Giving a baby their first bite of real food – it’s an indelible memory. That breathless moment as you wait to see whether it will be swallowed or unceremoniously rejected, the look of astonishment on their little face. For many of us, that first bite was rice cereal – gentle on the stomach, easy to mix with breast milk or formula, safe, trusted, traditional. Well it turns out we’ve been poisoning our children all along. Well, at least that’s what a paper appearing in JAMA Pediatrics would have you believe.
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The relevant background here is that arsenic, in sufficient quantities, kills you. And rice, in part because it is often grown in flooded paddys, concentrates arsenic. And between rice cereal, rice-based formula, and those little puffy rice treats, infants eat a fair amount of rice.
In this study, researchers from Dartmouth examined 759 infants enrolled in the New Hampshire Birth Cohort study. Rice consumption was pretty common – when surveyed at 12 months of age, the majority of babies had consumed some rice product within the past 2 days.
In a subgroup of 129 infants, the researchers examined total urinary arsenic levels and correlated them with food diaries taken at several points over their first year of life. Sure enough, the kids who had eaten more rice products had higher levels of urinary arsenic. Kids who had no rice consumption had an average urinary arsenic concentration of around 3 parts per billion, compared to around 6 parts per billion among those who had been eating white or brown rice. Breaking it down farther, the highest arsenic levels were seen in kids eating baby rice cereal – around 9 parts per billion.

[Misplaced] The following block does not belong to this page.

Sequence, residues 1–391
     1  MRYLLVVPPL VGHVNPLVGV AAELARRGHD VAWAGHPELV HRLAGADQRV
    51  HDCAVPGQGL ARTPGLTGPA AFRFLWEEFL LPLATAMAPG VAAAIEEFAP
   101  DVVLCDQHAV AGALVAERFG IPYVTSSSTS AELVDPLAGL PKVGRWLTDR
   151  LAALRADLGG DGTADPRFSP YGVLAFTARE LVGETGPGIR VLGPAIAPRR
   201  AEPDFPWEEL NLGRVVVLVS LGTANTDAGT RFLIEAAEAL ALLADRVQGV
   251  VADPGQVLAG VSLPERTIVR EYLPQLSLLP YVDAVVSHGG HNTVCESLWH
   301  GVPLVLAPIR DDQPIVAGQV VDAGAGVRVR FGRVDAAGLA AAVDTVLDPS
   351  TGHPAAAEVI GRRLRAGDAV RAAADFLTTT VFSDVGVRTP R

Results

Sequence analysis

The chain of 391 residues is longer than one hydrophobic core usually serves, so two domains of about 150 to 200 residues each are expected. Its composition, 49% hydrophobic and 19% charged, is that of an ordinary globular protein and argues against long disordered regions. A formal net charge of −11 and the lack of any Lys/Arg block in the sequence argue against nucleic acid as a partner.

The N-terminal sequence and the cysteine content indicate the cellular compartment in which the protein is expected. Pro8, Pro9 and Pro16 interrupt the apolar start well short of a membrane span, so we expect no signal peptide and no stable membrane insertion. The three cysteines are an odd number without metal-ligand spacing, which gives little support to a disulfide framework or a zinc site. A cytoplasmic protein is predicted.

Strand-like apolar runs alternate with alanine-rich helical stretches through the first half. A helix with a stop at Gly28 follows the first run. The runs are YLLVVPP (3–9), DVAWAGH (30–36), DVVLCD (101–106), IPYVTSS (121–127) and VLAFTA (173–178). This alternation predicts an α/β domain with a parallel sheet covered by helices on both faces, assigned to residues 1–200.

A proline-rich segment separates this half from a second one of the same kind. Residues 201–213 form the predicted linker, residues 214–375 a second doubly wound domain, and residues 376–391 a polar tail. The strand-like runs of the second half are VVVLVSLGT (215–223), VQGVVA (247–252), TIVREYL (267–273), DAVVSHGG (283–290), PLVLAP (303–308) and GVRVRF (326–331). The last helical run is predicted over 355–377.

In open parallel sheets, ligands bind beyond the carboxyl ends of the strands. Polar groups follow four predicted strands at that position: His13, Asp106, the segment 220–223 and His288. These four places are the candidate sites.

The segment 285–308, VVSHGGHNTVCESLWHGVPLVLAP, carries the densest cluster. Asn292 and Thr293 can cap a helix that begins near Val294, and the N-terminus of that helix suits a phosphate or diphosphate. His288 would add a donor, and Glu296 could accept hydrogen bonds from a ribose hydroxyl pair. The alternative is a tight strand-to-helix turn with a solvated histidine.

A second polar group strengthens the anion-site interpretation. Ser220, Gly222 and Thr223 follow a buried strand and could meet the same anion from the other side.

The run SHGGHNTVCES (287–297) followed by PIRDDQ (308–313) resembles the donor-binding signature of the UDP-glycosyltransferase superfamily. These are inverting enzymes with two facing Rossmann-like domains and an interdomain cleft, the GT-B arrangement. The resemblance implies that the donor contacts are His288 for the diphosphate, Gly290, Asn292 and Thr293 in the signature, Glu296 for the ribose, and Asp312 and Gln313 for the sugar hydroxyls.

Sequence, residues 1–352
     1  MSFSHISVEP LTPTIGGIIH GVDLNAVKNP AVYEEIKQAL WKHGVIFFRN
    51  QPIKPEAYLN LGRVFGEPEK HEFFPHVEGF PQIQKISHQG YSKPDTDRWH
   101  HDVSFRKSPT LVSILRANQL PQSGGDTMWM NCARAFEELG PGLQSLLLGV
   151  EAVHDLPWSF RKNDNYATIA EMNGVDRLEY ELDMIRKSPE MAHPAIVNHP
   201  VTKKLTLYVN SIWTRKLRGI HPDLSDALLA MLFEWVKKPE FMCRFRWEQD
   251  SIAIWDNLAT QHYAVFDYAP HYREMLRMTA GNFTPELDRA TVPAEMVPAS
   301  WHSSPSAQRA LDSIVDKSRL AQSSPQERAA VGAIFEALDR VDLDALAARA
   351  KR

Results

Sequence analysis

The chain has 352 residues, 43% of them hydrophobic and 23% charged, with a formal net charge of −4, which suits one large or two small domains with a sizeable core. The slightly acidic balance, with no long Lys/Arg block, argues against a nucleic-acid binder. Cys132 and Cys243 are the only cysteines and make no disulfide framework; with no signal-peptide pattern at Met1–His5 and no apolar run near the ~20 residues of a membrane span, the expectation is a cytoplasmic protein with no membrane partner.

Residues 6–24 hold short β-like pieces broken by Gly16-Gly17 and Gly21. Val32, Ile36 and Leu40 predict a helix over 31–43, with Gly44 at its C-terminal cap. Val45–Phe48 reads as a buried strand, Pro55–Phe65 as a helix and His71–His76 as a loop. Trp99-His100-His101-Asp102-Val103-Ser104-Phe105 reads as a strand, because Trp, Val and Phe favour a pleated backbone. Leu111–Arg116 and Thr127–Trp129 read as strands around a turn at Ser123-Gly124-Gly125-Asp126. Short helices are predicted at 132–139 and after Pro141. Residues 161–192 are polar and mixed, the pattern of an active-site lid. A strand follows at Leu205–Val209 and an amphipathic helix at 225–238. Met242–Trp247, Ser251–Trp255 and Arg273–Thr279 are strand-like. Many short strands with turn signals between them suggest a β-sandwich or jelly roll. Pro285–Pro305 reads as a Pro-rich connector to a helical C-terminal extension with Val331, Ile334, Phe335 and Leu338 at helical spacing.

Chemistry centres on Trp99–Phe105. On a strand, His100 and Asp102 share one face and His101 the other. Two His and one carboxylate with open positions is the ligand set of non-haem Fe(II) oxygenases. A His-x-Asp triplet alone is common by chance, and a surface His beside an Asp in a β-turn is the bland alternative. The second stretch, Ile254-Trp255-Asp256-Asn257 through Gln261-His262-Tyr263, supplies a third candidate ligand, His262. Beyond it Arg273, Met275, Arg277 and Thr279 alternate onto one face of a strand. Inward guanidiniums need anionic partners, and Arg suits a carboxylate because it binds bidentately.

But… does it matter? The CDC lists arsenic as a known carcinogen, but it is often hard to find precise toxic dose numbers. Here’s what I’ve dug up. It looks like the lethal dose is around 2mg/kg. To get that dose, a 5 kilogram infant would need to ingest, in a short period of time, roughly 50 kilograms of strawberry flavored puffed-grain snacks. That was the food with the highest arsenic levels in this study.
But chronic, sub-lethal exposure to arsenic may also be harmful. As I mentioned above, arsenic is a known carcinogen. There is also some mixed data that suggests that high arsenic exposure can lead to lower intelligence scores in children, though the levels measured in those studies are about ten times what we see here.
The bottom line is, we don’t know if this is a big problem. My impression is that arsenic contamination of drinking water is more problematic than the arsenic content of foods. So yeah, avoiding rice-containing products may get the arsenic levels in infants from very low to very very very low, but what shall we give them instead? Arsenic is just one potential toxin in one group of foods. In this modern world, you may have to pick your poison.